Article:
IE8 support dwindling

How long will we need to fully support IE8? It’s about 10% of our traffic now but with no media query support, and our push for responsive designs, we’d like not to (we’re not using respond.js). I had thought IE8 would die a slow death like IE6—since you can’t upgrade IE8 on Windows XP (still a large market share) and it got into installs of Windows 7—but other factors may speed it’s demise. One is . Another is in less than a month, on 11/15/2012, Google will discontinue suport for IE8 for all Google Apps services. With Google leading, others may follow. Google is recommending Google Toolbar for IE which includes Google Chrome Frame (GCF).

We’re already supporting GCF via our htaccess () and we should be seeing GCF activity increase in our Google Analytics. On a related note, back in June, jQuery announced v.2 would not support OldIE (IE6/7/8) then clarified v1.9 would, and would be supported “As long as oldIE is a significant factor on the web.” Time will tell.


  1. Sadly there are “web-based” enterprise applications that are slow to move forward with IE. One example is Banner. Banner is not certified yet to work with IE9. Our version on campus is the most current stable release in most modules but does not work with beyond Java 6 update 30 (Java 7 came out a few months ago). So the challenge (imho) isn’t the info-chock full and attractive web sites being tethered to a few IE 8 user holdouts on campus, it is the current cost of doing business with mainstream higher ed technology vendors. Collectively schools may need to put more pressure on vendors to keep up…..maybe…but quick updates to a browser sometimes invites new security holes to persistent (God Bless ‘Em for trying each and every day) hackers. — My 2 cents Great homepage image today :)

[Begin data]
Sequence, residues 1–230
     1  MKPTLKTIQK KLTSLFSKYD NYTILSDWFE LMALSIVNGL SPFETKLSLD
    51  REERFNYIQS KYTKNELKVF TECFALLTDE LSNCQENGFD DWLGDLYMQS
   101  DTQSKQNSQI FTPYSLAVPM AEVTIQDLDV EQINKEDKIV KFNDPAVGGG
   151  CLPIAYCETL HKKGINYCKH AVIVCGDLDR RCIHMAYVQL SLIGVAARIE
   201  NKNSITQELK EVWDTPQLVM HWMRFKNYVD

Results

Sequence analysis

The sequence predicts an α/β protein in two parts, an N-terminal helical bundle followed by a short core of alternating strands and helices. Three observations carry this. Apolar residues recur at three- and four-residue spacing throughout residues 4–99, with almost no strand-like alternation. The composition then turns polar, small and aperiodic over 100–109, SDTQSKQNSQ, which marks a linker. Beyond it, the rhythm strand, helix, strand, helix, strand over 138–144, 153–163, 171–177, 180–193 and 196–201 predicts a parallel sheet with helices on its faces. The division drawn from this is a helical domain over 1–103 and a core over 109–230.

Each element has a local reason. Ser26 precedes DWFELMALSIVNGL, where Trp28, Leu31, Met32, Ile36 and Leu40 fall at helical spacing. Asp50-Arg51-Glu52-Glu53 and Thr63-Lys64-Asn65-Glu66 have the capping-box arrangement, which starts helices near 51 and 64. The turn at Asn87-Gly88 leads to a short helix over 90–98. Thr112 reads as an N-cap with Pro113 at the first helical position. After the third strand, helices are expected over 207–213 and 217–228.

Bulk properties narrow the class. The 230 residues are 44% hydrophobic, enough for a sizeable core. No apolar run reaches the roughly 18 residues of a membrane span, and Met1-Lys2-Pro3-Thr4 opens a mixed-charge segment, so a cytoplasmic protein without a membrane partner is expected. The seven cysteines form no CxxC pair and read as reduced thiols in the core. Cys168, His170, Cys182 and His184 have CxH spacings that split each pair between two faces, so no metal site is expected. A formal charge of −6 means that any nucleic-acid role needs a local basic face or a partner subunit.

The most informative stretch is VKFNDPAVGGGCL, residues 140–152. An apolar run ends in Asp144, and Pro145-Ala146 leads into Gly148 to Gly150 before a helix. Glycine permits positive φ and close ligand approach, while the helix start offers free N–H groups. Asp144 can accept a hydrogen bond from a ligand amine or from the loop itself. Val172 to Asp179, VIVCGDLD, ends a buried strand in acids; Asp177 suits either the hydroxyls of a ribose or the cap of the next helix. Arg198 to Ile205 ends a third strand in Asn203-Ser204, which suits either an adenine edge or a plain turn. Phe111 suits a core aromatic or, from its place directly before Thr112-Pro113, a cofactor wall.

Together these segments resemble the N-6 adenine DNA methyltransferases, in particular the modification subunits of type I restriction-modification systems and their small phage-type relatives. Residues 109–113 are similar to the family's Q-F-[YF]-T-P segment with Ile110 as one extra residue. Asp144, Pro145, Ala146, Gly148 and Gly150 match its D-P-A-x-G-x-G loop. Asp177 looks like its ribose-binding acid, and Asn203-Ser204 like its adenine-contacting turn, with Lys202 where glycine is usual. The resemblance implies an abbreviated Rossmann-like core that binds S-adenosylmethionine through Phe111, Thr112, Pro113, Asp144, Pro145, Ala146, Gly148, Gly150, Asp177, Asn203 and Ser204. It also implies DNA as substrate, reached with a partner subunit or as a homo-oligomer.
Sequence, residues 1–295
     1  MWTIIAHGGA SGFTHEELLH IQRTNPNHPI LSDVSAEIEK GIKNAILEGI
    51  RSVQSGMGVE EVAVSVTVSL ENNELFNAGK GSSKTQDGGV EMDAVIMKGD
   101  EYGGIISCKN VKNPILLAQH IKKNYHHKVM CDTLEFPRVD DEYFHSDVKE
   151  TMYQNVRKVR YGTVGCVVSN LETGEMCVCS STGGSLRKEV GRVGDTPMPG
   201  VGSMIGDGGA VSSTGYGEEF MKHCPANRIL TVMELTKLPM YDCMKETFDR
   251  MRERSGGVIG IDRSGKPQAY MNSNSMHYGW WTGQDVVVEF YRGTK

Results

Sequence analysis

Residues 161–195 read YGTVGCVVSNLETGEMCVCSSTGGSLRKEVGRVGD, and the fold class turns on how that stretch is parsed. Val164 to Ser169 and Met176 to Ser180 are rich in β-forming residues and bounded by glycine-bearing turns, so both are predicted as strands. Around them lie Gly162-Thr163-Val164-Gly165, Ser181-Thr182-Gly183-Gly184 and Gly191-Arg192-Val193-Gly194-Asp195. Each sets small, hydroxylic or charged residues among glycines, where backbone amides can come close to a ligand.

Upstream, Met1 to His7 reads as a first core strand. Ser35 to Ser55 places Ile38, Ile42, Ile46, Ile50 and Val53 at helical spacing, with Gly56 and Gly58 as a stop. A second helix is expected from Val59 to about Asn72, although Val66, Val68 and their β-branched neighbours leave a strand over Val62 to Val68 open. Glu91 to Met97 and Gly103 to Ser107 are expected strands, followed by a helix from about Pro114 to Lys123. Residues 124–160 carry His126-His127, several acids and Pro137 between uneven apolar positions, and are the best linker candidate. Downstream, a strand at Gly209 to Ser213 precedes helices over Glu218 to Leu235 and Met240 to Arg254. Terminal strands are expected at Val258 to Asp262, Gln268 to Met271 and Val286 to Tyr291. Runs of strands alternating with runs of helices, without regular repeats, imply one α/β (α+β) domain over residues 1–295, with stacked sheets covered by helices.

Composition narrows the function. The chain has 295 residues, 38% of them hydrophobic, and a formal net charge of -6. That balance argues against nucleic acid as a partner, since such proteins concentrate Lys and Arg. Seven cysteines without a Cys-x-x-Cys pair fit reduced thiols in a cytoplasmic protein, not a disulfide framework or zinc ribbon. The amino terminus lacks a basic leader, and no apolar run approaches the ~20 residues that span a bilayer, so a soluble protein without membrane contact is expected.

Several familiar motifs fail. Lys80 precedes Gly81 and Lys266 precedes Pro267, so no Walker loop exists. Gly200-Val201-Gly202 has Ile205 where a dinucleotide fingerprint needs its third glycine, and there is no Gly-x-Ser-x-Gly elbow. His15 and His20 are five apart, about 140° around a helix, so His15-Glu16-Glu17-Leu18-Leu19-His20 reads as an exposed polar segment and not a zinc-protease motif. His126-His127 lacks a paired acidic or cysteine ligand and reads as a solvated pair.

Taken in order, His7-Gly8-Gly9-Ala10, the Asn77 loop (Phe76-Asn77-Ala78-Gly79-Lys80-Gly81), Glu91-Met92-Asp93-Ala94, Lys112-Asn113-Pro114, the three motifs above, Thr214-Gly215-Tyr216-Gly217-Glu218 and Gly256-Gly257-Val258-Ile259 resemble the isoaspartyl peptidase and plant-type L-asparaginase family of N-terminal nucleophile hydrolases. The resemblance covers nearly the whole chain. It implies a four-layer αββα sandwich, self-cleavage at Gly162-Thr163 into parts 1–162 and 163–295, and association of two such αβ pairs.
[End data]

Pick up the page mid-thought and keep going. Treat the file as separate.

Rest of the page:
2. Julia, that’s a good point. Web-based software usage on-campus is a factor and is one of the reasons we’ve had to extend our support of older versions of IE. Being device/browser agnostic is how we code our sites and the same should hold for web-based applications—and what’s the difference between a site and an application these days? Traditional software developers come from a world where they control the environment or can force users into a particular interface. Times have changed and these vendors need to catch up and I agree that pressure should be applied. Advances in web technologies like HTML5 and less reliance on proprietary plugins in favor of native capabilities means it’s easier to have one code-base deployable in most any environment.

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